Truth in Numbers: Biostatistics for the Otolaryngologist Clinician
One need not be proficient in running statistical software, nor have a master’s degree in epidemiology or public health, to understand most of what is needed for critical interpretation of clinical data.
Diego A. Preciado, MD, PhD
One need not be proficient in running statistical software, nor have a master’s degree in epidemiology or public health, to understand most of what is needed for critical interpretation of clinical data. With increasing awareness and a generalized emphasis regarding the importance of practicing evidenced-based medicine, it is critical for clinicians to have a concrete and basic understanding of biostatistics as they pertain to clinical research and credible outcomes.
Further, comfort with data interpretation is paramount to improving the quality of our research, and more importantly, to informing appraisal of the medical literature and the process of conducting peer review. Certainly, as we have learned the past two years, the pandemic has brought to light how important it is to recognize differences between true and anecdotal outcomes.
For the past years, the AAO-HNSF has allowed me the great privilege to discuss these topics through a lecture format at the Annual Meeting. Using an interactive case-based approach, the course has covered essential and practical information for critically appraising or conducting research. The material covered has included a discussion of normal distributions, non-parametric data, continuous versus categorical variables, effect size, confidence intervals, ρ-values, time-to-event analyses, correlations, multivariate linear and logistic regression models, and common statistical errors and misconceptions.
Highlighted areas include review of which statistical tests are needed in order to test specific hypotheses—while grasping the true meaning of significance. Although it may be important to know how ρ-values are calculated for different types of data (continuous, categorical, and time), it is even more important to understand what ρ-values actually mean. Undoubtedly, the widespread use of “statistical significance” (generally interpreted as “ρ ≤ 0.05”) as a license for making a claim of a scientific finding (or implied truth) may at times lead to considerable distortion of the scientific process. When looking at ρ-values in a vacuum, these distortions can be magnified.
Instead, ρ-values need to be considered in the context of clinical significance—nominally often represented by clinical effect size (proportional difference, relative risk, and odds ratio). Comprehending the meaning of these effect size measures and how they are calculated is perhaps more critical than being able to determine ρ-values.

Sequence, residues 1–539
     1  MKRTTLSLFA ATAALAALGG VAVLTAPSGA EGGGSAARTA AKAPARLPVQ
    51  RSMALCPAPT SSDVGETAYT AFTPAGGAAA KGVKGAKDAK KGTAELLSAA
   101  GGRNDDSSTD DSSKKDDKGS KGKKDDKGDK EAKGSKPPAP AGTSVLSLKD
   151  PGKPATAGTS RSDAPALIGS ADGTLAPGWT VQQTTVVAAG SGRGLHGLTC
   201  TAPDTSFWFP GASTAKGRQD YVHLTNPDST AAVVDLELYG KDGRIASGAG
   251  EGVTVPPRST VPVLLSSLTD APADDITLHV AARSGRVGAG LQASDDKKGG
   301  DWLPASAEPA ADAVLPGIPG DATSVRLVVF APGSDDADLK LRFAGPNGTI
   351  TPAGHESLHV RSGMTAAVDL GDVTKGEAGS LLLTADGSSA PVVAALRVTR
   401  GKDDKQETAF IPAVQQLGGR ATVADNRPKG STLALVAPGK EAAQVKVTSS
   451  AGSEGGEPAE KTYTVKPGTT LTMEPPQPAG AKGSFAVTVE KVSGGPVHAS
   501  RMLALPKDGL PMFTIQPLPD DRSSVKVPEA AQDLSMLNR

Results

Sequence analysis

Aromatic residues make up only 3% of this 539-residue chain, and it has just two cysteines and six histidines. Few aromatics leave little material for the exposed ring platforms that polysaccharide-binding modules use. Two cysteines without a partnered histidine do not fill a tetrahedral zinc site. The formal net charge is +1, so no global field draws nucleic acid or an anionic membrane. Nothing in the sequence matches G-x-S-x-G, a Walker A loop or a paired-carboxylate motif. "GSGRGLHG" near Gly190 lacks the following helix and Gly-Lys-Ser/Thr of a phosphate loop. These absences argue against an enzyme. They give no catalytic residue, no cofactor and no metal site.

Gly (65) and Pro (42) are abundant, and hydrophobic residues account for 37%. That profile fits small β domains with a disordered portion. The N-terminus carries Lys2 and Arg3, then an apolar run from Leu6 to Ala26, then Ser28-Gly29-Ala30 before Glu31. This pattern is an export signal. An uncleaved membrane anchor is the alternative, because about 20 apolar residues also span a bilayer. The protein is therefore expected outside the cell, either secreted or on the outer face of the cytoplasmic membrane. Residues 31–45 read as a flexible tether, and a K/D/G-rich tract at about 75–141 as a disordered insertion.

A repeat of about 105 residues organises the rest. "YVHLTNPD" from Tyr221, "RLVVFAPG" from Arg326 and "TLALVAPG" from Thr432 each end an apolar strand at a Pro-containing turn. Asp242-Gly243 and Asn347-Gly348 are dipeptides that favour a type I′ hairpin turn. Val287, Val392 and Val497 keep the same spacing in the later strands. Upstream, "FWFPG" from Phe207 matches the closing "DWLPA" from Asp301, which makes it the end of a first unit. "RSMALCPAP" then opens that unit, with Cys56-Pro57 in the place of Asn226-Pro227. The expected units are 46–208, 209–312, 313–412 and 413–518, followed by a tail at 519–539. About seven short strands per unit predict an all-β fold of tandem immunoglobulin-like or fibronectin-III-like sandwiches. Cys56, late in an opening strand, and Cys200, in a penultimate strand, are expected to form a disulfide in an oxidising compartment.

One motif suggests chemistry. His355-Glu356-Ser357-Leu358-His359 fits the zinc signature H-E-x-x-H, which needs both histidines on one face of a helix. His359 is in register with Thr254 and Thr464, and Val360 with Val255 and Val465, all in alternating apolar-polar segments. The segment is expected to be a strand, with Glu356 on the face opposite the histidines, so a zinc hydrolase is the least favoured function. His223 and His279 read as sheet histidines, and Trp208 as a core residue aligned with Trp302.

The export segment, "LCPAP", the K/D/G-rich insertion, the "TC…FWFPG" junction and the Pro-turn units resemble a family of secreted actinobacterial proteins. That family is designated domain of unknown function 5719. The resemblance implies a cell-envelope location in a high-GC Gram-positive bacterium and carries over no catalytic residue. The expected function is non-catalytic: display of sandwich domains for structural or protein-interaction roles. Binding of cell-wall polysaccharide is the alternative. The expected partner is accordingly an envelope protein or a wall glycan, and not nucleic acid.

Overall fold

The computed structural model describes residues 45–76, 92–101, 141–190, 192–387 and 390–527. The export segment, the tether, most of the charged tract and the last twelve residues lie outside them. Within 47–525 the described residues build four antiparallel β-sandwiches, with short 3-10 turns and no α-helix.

A nearly reflexive understanding of different types of clinical data is paramount. As clinicians, we should move away from the lay vernacular description of populational characteristics or outcomes as “averages” to the more appropriate use of “means/medians” that account for common biases or skewing in sample distribution. Moreover, when sampling any cohort, comparatively or descriptively, it is critical to describe the “variation” (standard deviation/standard error/confidence intervals) noted in the sample, perhaps more important than to simply focus on the “mean.” Representing the sample characteristics graphically, employing tools that best depict the entire cohort (mean/median/and variance) is often the best approach.
Consider censoring of loss to follow-up subjects is of importance when discussing time-to-event occurrences. When trying to infer the relevance of a clinical variable affecting an outcome (most usually through an association, with most clinical studies not necessarily designed to determine causality), it is particularly important to consider all other potentially contributing variables in some form of multivariable regression model.
Univariable comparisons tend to be quite reductionist and may also distort inferences by missing contributions from common confounders. From a technical standpoint, running multivariable models is relatively straightforward with many software programs readily available for this purpose. An example of widely versatile, relatively inexpensive, and user-friendly data analysis program is GraphPad Prism, which also produces simple, publication-ready graphs and charts.
In conclusion, the analysis and interpretation of data is something which, like it or not, permeates our practices (and lives!). The process or arriving at “truth in numbers” for us otolaryngologists should actually be as simple and enjoyable as possible. At the end of the day, there should be nothing more rewarding than the confirmation or rejection of conceived impressions through data.